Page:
Visit to Noosa Heads Fire Station
It is a great honour to join you all today at the Noosa Heads Fire Station, here in the foothills of the Noosa National Park, which was officially opened by Queensland’s 16th Governor, Sir John Lavarack, in October 1949.
As sure as night follows day, the threat of bushfire – and contemporaneously, heavy rain followed by flood – is a constant of life in this beautiful part of Queensland.
I understand the firefighter crews have had to defend their own station from bushfires on at least two occasions – 1987 and 1996.
We are fortunate your headquarters was not under direct threat in the closing months of last year.
My purpose for being here today is two-fold.
The primary reason is to thank you all, on behalf of the Queensland people, for your sterling efforts protecting life and property during last year’s bushfires – not once, but twice in this region alone.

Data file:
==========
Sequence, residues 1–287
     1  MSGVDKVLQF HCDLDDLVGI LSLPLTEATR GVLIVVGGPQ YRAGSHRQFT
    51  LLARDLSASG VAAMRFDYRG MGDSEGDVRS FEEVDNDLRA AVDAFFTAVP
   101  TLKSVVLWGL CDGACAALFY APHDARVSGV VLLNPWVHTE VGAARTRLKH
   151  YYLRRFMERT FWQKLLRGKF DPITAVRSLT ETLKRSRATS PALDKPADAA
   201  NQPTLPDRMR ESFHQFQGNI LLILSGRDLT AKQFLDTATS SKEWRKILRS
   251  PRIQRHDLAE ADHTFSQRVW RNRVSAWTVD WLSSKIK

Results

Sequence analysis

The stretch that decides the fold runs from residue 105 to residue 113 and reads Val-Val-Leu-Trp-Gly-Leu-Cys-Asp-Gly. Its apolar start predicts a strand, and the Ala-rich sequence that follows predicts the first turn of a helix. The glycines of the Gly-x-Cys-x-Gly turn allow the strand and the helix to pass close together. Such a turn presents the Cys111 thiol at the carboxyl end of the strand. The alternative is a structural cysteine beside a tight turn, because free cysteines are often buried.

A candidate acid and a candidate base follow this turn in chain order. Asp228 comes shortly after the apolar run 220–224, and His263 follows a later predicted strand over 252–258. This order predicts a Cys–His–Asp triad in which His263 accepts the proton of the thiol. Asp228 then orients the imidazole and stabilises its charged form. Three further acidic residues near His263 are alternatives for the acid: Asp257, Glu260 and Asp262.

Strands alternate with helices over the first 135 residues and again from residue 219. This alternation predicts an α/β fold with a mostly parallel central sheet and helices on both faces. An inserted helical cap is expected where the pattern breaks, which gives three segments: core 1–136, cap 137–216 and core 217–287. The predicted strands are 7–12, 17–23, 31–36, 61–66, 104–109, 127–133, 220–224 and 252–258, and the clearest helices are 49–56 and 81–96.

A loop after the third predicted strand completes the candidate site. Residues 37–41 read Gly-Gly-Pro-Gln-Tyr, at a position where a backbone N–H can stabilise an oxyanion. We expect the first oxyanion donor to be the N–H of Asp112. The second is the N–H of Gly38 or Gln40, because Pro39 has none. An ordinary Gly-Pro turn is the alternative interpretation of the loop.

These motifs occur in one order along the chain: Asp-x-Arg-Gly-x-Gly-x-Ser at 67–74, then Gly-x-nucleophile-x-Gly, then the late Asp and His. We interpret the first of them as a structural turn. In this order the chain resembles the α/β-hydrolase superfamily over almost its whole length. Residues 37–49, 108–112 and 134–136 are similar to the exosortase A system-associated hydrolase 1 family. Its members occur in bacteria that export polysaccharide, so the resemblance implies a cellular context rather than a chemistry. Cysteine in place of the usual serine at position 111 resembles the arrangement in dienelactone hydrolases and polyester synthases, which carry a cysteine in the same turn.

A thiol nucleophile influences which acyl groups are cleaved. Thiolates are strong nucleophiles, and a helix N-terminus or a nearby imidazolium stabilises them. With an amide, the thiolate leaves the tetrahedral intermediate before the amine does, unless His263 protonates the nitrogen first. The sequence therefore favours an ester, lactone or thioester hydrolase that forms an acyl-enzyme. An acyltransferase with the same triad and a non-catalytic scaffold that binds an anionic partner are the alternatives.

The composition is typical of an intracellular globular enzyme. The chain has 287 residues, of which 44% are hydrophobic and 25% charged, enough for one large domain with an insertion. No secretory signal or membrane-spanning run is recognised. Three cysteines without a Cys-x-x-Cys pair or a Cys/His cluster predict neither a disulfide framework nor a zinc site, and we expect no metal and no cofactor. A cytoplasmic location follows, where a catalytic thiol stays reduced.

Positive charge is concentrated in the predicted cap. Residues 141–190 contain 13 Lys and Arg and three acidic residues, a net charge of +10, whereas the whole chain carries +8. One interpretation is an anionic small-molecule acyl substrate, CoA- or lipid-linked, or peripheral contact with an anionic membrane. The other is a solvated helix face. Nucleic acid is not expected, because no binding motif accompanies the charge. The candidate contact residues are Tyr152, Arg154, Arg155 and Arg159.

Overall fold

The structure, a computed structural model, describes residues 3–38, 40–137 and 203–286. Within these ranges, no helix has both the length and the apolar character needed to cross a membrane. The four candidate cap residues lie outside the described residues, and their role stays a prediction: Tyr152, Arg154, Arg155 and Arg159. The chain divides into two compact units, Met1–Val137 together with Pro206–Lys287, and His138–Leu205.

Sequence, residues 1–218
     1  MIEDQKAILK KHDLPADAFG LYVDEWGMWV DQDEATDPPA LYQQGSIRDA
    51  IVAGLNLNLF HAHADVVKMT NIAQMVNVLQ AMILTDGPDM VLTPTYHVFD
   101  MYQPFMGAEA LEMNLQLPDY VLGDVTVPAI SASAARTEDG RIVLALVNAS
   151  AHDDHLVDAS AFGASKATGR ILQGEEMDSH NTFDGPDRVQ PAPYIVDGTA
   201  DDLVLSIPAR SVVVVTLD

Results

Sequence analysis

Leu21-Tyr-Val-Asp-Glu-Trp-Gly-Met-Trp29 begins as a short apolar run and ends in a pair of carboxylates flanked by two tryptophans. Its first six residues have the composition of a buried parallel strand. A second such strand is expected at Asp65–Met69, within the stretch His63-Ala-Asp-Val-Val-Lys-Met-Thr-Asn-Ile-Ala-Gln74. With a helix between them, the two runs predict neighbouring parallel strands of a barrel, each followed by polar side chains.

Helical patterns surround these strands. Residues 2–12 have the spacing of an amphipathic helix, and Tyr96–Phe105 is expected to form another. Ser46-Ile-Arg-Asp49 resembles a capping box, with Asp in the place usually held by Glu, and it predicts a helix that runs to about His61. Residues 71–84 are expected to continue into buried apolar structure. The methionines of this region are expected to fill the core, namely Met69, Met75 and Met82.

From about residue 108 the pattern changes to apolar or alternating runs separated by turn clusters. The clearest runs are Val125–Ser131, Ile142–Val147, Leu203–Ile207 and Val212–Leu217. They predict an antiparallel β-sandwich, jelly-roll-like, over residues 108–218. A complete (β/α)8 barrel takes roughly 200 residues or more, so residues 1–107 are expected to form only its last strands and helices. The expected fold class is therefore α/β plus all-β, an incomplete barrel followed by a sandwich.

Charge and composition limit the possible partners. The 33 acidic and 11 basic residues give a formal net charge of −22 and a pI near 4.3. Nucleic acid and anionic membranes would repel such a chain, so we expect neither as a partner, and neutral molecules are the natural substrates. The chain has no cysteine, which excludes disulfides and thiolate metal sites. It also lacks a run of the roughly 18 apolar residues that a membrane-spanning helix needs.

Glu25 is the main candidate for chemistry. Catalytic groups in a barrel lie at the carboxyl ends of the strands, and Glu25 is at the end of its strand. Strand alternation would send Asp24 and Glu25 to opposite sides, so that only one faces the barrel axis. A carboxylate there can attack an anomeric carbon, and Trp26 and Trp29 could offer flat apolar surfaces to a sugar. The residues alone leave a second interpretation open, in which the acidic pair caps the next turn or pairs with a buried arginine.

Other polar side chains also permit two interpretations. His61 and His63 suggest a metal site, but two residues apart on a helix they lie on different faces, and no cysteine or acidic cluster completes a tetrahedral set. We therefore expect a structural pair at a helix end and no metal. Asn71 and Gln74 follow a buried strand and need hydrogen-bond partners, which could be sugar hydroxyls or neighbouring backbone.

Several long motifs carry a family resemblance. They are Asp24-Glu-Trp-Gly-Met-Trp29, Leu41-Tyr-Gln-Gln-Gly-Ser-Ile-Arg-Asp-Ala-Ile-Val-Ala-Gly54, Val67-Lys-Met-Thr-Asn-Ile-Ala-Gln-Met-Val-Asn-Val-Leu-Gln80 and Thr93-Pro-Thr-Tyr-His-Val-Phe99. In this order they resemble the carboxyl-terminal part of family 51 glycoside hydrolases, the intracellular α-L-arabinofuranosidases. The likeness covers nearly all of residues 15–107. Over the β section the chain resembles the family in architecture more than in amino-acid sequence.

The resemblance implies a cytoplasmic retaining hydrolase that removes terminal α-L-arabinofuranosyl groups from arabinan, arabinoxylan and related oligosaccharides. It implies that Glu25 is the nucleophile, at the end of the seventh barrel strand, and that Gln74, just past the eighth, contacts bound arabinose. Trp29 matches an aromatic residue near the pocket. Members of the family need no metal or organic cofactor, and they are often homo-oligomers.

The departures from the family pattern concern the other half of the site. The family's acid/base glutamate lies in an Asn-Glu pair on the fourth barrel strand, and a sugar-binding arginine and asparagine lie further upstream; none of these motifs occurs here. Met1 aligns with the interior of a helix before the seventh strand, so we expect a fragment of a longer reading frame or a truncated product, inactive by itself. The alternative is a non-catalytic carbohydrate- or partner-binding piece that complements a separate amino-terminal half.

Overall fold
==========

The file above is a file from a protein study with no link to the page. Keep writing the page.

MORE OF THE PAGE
And many of you, I know, went on to fight fires in New South Wales and Victoria. You are amazing people, wonderful exemplars of humanity.
We extend our gratitude to everyone, especially the SES, who provided assistance over the past week, too, following heavy rain.
There has this Summer, right across our State and nation, been universal and richly deserved pride in and support for all firefighters – especially the volunteer rural services – and for the SES.
There is a reason firefighters and other emergency services constantly rank near the top of lists of Australia’s ‘most trusted’ professions.
Queenslanders, and your Governor, are very grateful indeed for your efforts.
The second reason for our visit is to demonstrate support for the communities of which you are an integral part: Noosa, Tewantin, Sunshine Beach, Pomona, Cooroy, further afield to Imbil – these are all wonderful communities which delineate our State spirit.
Thank you for taking the time to be here today. Kaye and I look forward to speaking with you this morning. Thank you.